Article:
Decry Illinois Senate passage of redefinition of marriage bill
Photo Caption: Catholics from the Diocese of Peoria are encouraged to join concerned citizens from throughout Illinois at the State Capitol in Springfield on Feb. 20 for a “Defend Marriage” lobby day.
The organization representing the state’s Catholic bishops today decried Senate passage of redefinition of marriage legislation, saying lawmakers are blatantly ignoring the institution’s key role in the foundation of society.
The Senate passed Senate Bill 10 on a 34-21 vote. The measure changes the current definition of marriage set in state law from “between a man and a woman” to “between 2 persons.”
Robert Gilligan, executive director of the Catholic Conference of Illinois, said Senate Bill 10 tosses aside the natural order of marriage as the complementary union of one man and one woman as the foundation for the family.
“Marriage joins a man and a woman in love to meet one another’s needs, to procreate and to raise children. This is the lifeblood of any human society,” Gilligan said. “This legislation tears at that definition with unknown consequences.”
Gilligan criticized the limited nature of religious freedom protections found in the legislation, noting the extremely limited conscience protections for religious organizations and the total lack of any such protections for individuals.
“We remain wary of government interference in the church’s ministry and structure,” Gilligan said. “We heard promises two years ago when civil unions were passed, and now Catholic Charities has been kicked out of its mission of serving children in foster care.”
Proponents of civil unions legislation two years ago promised during Senate floor debate that the social service mission of churches and faith-based organizations would not be affected. Within six months of civil unions becoming law, Catholic Charities in Illinois was barred from contracting with the state for foster care and adoption services for abandoned, neglected and abused children because of its religious beliefs.
Gilligan called upon House lawmakers to reject the measure.
“This legislation callously redefines a bedrock institution of our society and deteriorates the free exercise of religion in our state,” he said.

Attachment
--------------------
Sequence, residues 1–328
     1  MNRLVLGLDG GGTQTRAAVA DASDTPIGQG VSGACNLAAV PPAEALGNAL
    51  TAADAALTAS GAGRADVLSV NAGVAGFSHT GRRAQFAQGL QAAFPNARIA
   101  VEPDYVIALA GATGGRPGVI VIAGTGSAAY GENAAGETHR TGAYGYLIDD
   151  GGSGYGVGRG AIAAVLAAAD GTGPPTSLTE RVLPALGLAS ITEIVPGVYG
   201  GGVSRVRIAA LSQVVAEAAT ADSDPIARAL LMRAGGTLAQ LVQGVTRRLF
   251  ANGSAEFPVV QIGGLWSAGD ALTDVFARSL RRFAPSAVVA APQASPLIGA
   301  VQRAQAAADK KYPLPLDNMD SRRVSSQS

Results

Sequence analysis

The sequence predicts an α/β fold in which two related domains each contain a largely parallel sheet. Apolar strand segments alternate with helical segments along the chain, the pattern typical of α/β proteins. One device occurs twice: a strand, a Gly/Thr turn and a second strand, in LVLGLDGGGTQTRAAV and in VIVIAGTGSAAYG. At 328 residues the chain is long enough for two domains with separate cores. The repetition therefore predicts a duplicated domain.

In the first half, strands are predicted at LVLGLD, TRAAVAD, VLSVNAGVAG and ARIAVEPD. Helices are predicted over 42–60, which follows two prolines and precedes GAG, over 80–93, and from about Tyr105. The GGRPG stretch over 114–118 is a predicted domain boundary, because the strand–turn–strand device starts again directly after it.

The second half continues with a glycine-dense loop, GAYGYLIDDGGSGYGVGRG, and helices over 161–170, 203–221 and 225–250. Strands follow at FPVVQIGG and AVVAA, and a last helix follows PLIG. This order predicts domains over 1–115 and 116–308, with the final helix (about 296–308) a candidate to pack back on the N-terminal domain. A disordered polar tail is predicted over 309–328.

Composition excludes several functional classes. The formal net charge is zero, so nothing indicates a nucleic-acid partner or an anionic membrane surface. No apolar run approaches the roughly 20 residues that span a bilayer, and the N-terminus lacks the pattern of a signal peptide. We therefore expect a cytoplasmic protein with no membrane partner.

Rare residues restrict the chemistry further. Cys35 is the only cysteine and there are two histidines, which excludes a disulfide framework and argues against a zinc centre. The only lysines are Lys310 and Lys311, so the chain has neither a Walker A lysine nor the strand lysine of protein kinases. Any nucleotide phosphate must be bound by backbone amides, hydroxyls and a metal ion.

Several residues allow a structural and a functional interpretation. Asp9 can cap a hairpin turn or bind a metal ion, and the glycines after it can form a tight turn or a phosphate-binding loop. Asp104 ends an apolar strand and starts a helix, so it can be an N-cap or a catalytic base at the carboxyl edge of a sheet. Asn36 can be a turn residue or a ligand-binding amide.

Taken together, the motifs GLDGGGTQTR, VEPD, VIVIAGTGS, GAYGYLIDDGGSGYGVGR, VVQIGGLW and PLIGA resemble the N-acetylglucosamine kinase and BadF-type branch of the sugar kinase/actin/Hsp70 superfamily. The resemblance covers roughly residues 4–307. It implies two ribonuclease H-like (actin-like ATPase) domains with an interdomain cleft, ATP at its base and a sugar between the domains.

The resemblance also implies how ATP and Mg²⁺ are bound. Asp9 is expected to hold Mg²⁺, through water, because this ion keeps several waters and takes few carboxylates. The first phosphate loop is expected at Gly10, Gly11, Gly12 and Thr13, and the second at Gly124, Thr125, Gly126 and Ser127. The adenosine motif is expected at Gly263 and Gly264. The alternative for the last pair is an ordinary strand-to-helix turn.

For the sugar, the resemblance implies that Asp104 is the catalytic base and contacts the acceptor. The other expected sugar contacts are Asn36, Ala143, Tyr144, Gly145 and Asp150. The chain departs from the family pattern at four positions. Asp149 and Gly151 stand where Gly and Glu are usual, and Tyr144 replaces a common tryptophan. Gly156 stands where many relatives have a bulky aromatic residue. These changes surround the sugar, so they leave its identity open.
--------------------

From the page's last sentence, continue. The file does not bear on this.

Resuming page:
DEFEND MARRIAGE LOBBY DAY
Meanwhile, Bishop Daniel R. Jenky, CSC, has urged Catholics in the Diocese of Peoria to join concerned citizens from throughout Illinois at the State Capitol in Springfield on Feb. 20 for a “Defend Marriage” lobby day.
The Diocese of Peoria is chartering a bus to transport participants to the gathering, the bishop announced, adding that he hopes others will carpool or caravan together to Springfield. (See bus registration information below.)
The Feb. 20 event begins at the State Capitol at 10:30 a.m. and is being coordinated by the Illinois Family Institute with support from the Catholic Conference of Illinois.
Bishop Jenky agrees that if the bill now under consideration becomes law it will have “detrimental repercussions to traditional marriage, religious liberty, parental rights and society as a whole.”
While the bill has passed the Senate, the Feb. 20 date is ideal to lobby House lawmakers, according to the Catholic Conference of Illinois.
Bishop Jenky said the time for action is now.
“The sanctity and dignity of Marriage is under attack,” he wrote in a Feb. 6 letter to Catholics of the diocese, “and I am calling upon you, the Catholic faithful, to stand beside me in this important mission to defend, protect and uphold the institution of Marriage.”
He encouraged Catholics to “grab your rosaries” and travel to Springfield “in the prayerful spirit of pilgrimage.”
“As Christians, we know that the institution of Marriage was created by God Himself, and that He alone defines its nature,” wrote Bishop Jenky.
“For 2,000 years, the Catholic Church has passionately defended the doctrines of Jesus Christ,” he added. “It is now our time as the faithful of the Diocese of Peoria, to take a public stand to protect and uphold the sanctity and dignity of Marriage.”
The charter bus offered through the Diocese of Peoria will leave from the Spalding Pastoral Center, 419 NE Madison Ave. in Peoria.
The pilgrimage will open with a Mass at 8 a.m. in the pastoral center’s Our Lady of Perpetual Help Chapel. The bus will leave at 8:45 a.m., and participants are encouraged to bring a sack lunch, snacks and water.
“Our only stop will be at the Capitol Building in Springfield,” said Craig Dyke, director of the diocesan Office of Evangelization and Family Life. The return trip begins at 1 p.m. with a scheduled arrival in Peoria at 2:30 p.m.
Cost is $20 per person. Reservations must be made by Feb. 15, but Dyke said that because space is limited that reservations should be made as early as possible.
Checks should be made payable to “Catholic Diocese of Peoria” and sent to Craig Dyke, Office of Evangelization and Family Life, 419 NE Madison Ave., Peoria, IL 61603.